So now we are camped, for free, in this beautiful national park next to the Kelso Dunes – group of huge sand dunes, the highest almost seven hundred feet tall and stretching for several miles in length. Heard the dunes “singing” last night, sort of a low humming like a small plane a long way off. Not quite as romantic as one might expect but still neat to hear. Having had such good luck with the folks at the BLM we stopped in Ridgecrest at their office and asked a bunch of questions about hiking and camping. The fellow was really pleasant and gave us lots of
pamphlets and maps for this area. We are set up at a place called Fossil Falls. A long time ago a huge lava flow poured down the valley. Much later the Owen River carved a canyon and falls into the rock. Then came the city of Los Angeles and stole all the water and dried up the falls. So now you can hike down this amazing canyon carved into the basalt and see all the weird shapes and holes the water carved out of the rock. Definitely worth a day or two of exploring.
Fossil Falls had one last treat for us before we left. Yesterday evening after we had settled in for the night the wind started to blow.
The trailer was set up pretty much in line with the wind so we were not in any danger of a rollover but it felt like it nonetheless. We pulled in the slide to save the slide cover and that helped a bit with the noise but it still sounded like we were underneath a rolling freight train. Somehow the gritty sand worked its way into the trailer and coated everything. Ever wake up in the morning with genuine sand in your eyes? The morning light chased the wind away and things quieted down once the coffee was ready. We hiked out to the falls for a few more pictures and then packed up and headed out. Short drive today, only about fifty miles but we are in this amazing place near Lone Pine. The campsite is on the desert plain below the towering Sierra Nevada Mountains.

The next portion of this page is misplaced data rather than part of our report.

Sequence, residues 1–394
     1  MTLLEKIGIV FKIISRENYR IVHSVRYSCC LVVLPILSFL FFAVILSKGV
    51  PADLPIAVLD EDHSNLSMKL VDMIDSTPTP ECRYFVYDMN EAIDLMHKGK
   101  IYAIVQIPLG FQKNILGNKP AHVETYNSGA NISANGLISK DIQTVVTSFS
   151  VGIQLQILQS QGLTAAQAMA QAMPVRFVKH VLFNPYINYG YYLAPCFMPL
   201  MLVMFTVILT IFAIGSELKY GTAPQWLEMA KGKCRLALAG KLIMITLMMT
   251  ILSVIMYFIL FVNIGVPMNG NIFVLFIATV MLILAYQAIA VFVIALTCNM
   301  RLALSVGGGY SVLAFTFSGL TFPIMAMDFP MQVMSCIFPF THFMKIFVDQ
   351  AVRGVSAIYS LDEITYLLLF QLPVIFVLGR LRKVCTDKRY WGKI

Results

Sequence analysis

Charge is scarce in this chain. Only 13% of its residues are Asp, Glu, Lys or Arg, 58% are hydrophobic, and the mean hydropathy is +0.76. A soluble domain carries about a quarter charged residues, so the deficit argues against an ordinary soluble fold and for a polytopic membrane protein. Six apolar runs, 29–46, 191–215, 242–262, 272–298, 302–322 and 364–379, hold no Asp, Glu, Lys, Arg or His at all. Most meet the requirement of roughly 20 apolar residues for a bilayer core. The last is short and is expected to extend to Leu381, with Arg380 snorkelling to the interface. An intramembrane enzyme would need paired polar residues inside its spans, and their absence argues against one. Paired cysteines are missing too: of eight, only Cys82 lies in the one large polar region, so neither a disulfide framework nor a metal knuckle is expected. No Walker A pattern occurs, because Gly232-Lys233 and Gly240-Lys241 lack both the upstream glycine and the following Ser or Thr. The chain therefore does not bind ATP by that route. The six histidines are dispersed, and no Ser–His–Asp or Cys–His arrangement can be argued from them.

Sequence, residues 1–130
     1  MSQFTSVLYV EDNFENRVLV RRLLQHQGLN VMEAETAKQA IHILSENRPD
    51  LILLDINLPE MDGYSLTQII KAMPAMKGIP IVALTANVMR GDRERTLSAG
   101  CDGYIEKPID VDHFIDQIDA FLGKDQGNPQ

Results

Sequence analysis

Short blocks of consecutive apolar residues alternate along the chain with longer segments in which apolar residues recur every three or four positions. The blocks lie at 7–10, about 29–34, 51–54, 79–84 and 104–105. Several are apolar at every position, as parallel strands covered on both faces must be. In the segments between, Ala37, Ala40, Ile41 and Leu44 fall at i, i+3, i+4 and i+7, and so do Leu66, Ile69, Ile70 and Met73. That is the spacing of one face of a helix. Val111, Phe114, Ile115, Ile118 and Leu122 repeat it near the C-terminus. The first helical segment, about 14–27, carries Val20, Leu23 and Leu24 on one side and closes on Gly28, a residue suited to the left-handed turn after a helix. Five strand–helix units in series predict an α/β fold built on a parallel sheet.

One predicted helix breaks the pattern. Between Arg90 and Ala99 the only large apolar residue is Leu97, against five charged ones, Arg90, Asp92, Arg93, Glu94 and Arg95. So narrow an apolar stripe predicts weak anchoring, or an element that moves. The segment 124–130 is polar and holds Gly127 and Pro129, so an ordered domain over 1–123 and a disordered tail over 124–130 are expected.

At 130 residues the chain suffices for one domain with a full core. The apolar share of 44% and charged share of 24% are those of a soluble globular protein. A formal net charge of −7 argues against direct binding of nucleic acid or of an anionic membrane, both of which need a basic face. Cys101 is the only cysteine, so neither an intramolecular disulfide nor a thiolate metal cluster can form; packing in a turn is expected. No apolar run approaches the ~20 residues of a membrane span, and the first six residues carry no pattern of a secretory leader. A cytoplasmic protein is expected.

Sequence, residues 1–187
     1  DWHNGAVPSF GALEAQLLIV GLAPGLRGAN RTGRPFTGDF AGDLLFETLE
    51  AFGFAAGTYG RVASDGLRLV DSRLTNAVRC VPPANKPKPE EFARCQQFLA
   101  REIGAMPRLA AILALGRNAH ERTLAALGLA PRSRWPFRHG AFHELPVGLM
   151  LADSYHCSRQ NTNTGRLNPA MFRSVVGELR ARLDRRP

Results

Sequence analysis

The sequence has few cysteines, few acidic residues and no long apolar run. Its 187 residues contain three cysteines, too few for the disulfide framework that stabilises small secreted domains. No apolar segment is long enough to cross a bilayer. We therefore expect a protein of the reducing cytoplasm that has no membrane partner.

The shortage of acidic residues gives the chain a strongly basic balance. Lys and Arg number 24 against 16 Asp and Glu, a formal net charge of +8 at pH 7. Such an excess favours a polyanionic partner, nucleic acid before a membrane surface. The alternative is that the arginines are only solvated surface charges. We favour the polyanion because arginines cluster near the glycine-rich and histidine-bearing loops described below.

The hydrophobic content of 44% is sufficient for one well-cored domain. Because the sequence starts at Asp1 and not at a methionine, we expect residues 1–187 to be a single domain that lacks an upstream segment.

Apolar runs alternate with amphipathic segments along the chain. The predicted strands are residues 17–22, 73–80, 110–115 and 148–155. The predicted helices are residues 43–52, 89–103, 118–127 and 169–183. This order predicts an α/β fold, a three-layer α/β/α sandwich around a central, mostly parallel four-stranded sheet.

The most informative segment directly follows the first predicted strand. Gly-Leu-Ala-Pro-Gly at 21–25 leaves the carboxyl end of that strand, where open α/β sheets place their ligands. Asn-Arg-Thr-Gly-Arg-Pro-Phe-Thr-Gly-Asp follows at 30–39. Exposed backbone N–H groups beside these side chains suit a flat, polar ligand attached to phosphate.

We wandered around and took a few pictures and then naturally started talking to this nice lady from Colorado. She asked us where we spent the winter and when we told her she asked “do you know Russ”? We said “Russ on the Road, sure”. Turns out they had hippy hopped all across the southern US with Russ. We told her about our last hike at Imperial Dam and the two Rattlesnakes that Russ tried to get pictures of. She had a good laugh and told us one of her snake stories and then took out her IPad and texted Russ. He answered right away and said hi to us. The world just keeps getting smaller. The lady’s husband showed up, turns out they are photographers, we chatted a bit about Vancouver Island and he showed us some of his pictures from…..wait for it…….Campbell River. Their son is a forester on the island and they have been out to visit a few times. Anyway, we may get together with them for a bit tomorrow.
We’ll continue with the second part of the Koss Arizona adventure soon….stay tuned!